Spot rates, volume declines leave trans-Pac carriers one option

Spot rates, volume declines leave trans-Pac carriers one option

Beneficial cargo owners and carriers anticipate imports from Asia this year will be down sharply from the 15.5 percent increase in the fourth quarter of 2018; carriers appear determined to prop up spot rates through strict capacity management. Photo credit:

With trans-Pacific eastbound spot rates falling for a third straight week, China imports declining, and time running out for a beat-the-tariff import surge, container lines have only one option to prevent the loss of peak season gains: more blank sailings.

Container lines have already announced three blank sailings for June. A blank sailing occurs when a carrier or a vessel-sharing alliance cancels a regularly scheduled weekly sailing, something they did with regularity last year during slack periods. Carriers demonstrated earlier this year that pulling capacity when cargo volumes soften was still in their playbook as they blanked 35 sailings in February and March in the trans-Pacific.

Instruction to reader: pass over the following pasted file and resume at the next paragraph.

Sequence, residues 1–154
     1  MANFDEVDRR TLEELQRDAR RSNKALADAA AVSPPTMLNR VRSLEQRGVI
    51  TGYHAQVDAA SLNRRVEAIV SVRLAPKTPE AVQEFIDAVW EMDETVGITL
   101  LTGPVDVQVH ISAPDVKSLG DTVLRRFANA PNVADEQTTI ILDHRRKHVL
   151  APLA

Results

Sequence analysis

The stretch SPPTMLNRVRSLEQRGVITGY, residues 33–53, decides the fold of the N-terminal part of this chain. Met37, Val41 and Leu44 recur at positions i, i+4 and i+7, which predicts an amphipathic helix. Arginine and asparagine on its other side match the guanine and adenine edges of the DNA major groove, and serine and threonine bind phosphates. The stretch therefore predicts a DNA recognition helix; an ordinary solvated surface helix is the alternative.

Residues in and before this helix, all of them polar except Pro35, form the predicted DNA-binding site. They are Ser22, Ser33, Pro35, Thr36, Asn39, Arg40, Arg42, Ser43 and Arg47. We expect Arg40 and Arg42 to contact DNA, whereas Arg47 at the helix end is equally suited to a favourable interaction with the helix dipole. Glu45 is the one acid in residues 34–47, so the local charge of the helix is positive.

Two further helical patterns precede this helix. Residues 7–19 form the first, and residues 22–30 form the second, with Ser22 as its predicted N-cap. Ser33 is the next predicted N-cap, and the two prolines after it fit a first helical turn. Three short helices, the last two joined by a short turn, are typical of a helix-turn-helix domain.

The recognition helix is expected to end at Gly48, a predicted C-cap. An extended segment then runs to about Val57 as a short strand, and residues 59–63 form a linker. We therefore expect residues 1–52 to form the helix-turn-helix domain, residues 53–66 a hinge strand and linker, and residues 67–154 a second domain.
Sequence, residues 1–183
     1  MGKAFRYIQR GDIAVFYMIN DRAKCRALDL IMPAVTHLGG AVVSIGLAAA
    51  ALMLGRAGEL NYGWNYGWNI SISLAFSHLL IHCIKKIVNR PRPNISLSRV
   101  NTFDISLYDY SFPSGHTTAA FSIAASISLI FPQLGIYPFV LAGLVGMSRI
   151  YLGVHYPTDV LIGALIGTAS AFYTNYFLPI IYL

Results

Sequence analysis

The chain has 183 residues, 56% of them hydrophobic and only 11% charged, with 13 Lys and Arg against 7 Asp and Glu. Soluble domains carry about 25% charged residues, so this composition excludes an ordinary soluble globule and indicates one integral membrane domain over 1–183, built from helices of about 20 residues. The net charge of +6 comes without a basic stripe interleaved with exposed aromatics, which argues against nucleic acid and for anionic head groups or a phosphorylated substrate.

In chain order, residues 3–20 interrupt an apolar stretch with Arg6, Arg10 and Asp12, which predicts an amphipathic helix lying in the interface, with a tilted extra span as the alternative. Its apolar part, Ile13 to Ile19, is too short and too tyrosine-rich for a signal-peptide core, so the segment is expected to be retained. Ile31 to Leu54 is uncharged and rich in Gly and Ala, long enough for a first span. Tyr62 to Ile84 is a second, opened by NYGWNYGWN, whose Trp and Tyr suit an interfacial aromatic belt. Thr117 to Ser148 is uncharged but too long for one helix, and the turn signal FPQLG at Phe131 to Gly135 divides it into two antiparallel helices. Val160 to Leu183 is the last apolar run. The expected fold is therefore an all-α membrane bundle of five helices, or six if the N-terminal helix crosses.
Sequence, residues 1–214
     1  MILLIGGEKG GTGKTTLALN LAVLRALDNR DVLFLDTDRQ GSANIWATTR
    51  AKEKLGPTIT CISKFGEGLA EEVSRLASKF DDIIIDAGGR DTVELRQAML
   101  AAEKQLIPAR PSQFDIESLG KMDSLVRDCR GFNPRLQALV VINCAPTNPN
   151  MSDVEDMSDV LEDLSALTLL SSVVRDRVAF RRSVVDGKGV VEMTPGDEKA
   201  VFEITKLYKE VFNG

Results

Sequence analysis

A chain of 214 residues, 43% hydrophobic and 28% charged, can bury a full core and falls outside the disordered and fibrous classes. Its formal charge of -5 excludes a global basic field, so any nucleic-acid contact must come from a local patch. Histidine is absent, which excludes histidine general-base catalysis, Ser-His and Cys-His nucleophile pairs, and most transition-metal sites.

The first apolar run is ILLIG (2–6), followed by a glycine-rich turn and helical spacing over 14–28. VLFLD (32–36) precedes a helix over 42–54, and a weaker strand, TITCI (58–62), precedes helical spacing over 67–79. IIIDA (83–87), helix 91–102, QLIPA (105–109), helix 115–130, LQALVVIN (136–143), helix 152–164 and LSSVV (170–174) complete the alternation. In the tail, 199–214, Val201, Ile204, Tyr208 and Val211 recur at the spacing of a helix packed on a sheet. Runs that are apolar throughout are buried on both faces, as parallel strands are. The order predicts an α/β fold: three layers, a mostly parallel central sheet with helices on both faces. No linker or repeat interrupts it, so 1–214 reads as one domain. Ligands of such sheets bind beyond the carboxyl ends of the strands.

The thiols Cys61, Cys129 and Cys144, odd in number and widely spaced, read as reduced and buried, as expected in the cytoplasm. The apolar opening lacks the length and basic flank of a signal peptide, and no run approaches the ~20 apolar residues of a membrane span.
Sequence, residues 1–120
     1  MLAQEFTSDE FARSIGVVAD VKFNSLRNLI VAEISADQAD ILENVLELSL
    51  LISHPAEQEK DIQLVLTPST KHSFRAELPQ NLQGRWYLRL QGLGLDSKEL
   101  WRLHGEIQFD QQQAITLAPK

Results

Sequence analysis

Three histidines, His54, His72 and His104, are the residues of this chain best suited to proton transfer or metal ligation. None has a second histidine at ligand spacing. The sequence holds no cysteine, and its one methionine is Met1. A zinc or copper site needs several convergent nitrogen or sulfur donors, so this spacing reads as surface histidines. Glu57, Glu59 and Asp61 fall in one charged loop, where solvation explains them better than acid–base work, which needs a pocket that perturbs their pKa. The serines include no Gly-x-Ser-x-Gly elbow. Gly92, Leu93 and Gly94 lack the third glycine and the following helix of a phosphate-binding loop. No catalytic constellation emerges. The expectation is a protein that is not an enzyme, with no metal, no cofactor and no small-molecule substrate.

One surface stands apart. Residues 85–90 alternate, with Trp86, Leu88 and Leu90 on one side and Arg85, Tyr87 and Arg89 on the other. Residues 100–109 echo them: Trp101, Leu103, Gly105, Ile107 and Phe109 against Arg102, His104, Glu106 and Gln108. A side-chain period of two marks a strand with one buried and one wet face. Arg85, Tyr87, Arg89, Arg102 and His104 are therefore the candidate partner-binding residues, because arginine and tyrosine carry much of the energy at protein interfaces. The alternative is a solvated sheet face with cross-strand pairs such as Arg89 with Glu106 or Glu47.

“We expect an uptick in voided sailings in July, and a further uptick in August,” Blake Shumate, COO at American Global Logistics, said Friday.

Containerized imports from China have already dropped 6 percent through April, according to PIERS, a sister company within IHS Markit. Further declines are likely because of the ongoing US-China trade war that began in the summer of 2018 with the Trump administration’s announcement of 10 percent tariffs on imports from China.  Additional tariffs of 25 percent followed earlier this year. The next round of tariffs on the remaining $300 billion of imports from China is likely to take effect later this summer unless next week’s meeting between US President Donald Trump and President Xi Jinping of China at the G 20 summit in Tokyo can put an end to the trade war.

However, as the eastbound Pacific prepares to enter the summer-fall peak season, carriers are keeping their options open for rate increases by giving the required 30-day notice for planned general rate increases. Hapag-Lloyd, for example, announced this week a GRI of $480 per TEU and $600 per FEU effective July 20. It is common for carriers to announce GRIs at this time of year, although coming so early in the season, carriers normally don’t achieve the full rate increase that they post.